Today I would like to tell you the story of how my parents found out that I had the Kabuki Syndrome. It was quite a roller coaster of emotions that we went through together but my parents didn’t settle for “we are not sure” so they continued to search until they found the syndrome I had.
It was back in january 2005, the year I was born, that their quest for answers started. After several months in and out different hospitals, undergoing many many blood tests, EEG’s, MRI’s and other scans and tests the doctors told my parents “We are very sorry, but we do not know what is wrong with your son. It must be some sort of genetic disorder but we can’t pinpoint it right now. It’s like looking for a needle in a haystack, and we don’t even know in what haystack we have to look”.
But what the doctors didn’t realize, was that my mom wouldn’t settle for that answer. So in 2005 she started her endeavour to find out exactly what syndrome I had. She wouldn’t stop until she got the answers. That way, my parents could use this knowledge to help me become as good as possible and even, one day, maybe cure me.
So my mom, who hates working on computers, sat down behind a computer and began her search. Every single day she looked up all kinds of syndromes on the internet and compared the traits that came with that syndrome to my own traits. The high arched eyebrows, long eyelashes, horseshoe shaped kidneys, a high arched palate, my lower placed ears, hypotonia, joint laxity, neonatal teeth, fetal fingertip pillows and a preauricular pit.
For days on end she searched the internet. Days became weeks, weeks became months and during the weekends, mom and dad would sit down together comparing what she found with what I had. I didn’t realize that there where so many rare genetic disorders and the doctors were right when they said that it was like looking for a needle in a haystack. Until august of 2006, after almost a year of searching the internet, my mom was convinced that she had found it. She called my dad at work and said, “Honey, this time I’m sure I found it! Jerom has Kabuki syndrome!” Dad looked it up on the internet and rushed home that day as he too was now convinced… I had Kabuki syndrome.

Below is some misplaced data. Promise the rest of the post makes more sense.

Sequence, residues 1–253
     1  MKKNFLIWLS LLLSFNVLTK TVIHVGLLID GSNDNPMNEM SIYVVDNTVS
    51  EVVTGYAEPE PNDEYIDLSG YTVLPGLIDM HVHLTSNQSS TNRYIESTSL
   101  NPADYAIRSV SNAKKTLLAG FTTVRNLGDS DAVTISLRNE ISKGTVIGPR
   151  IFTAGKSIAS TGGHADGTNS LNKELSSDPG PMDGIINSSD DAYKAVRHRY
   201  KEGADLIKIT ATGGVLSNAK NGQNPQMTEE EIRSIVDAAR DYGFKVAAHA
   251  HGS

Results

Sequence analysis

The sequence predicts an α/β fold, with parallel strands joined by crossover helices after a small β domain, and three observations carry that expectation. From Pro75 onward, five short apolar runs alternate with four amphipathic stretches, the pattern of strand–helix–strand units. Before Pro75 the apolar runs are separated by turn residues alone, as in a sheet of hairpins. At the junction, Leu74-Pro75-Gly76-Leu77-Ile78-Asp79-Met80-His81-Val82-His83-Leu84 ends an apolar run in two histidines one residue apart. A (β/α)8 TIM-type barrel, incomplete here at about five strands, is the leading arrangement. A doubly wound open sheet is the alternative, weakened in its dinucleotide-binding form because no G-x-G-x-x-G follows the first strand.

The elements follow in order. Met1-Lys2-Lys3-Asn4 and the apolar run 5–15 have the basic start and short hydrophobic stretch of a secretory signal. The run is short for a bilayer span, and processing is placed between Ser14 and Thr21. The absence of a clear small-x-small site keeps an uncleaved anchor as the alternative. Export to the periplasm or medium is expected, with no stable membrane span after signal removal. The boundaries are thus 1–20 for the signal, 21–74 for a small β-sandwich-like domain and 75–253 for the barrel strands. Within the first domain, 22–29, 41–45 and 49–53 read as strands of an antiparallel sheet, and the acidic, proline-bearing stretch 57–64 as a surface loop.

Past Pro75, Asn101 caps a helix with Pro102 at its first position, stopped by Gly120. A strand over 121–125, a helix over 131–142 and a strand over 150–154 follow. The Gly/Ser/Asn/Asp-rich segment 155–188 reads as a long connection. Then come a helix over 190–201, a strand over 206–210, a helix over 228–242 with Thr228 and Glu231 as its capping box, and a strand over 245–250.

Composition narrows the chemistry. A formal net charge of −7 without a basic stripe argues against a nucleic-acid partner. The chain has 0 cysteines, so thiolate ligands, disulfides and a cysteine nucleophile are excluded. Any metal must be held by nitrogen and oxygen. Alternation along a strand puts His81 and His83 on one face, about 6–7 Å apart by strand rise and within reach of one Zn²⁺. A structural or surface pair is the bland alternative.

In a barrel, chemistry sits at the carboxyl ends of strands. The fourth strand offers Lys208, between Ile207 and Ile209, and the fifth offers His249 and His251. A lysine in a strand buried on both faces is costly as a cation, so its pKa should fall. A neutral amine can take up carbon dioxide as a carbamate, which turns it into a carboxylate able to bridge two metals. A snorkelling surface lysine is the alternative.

But being convinced it one thing… being sure is whole different ball game. Luckily my parents quickly found a specialist professor in the Netherlands, our neighbouring country that had been investigating Kabuki for several years already. An appointment was quickly made with in the hospital of Maastricht and in September of 2006 my parents drove 200 km to go see her.
As we were all sitting in her waiting room, my mom, my dad, my big brother who was 4 years old then and myself, the professor passed us on her way to her cabinet. She looked at me and she then quickly shifted her eyes at my mom who had a combined look of hope and anxiety… and then she softly smiled and nodded. It wasn’t a nod to say hello or a courtesy nod, it was an all convincing nod that screamed “your search has come to and end, your son has Kabuki”.
My parents heart was pounding as we all went into the doctor’s cabinet. Professor Stumpel is a very kind and gentle person who speaks with a soft but clear voice. As she investigated me, she asked my parents dozens of questions about me and the journey that I had been on so far. Then she sat down and with her soft voice turned to my mother and spoke the words that we had been hoping for since the day I was born. She said: “Mom, you have done a fabulous job in looking for what syndrome your boy has. You can be proud of yourself because YOU found it. I can formally confirm that your son undeniably has the Kabuki Syndrome.”
With those words, both mom and dad started crying… at first I was surprised to see them cry but then I quickly realized those weren’t tears of pain or sorrow but they were tears of happiness and joy. We finally knew what was wrong with me, we could finally start my journey towards a joyful life and eventually and hopefully one day, a cure!
Unfortunately, at that time, back in 2006, there was still very little known about the genetic disorder itself. The professor claimed that there were less dan 130 documented cases of Kabuki syndrome worldwide and they had only found just one gene (MML2) of the two (KDM6A) that causes Kabuki Syndrome. It would take my parents 7 more years to get the confirmation of Kabuki Sydrome by means of a genetic test result but that, my friends, is a different post that I will write later for you.
My dad told me a quote this week that he got from a colleague of his by the American poet Maya Angelou: “Hope and fear cannot occupy the same space. Invite one to stay”.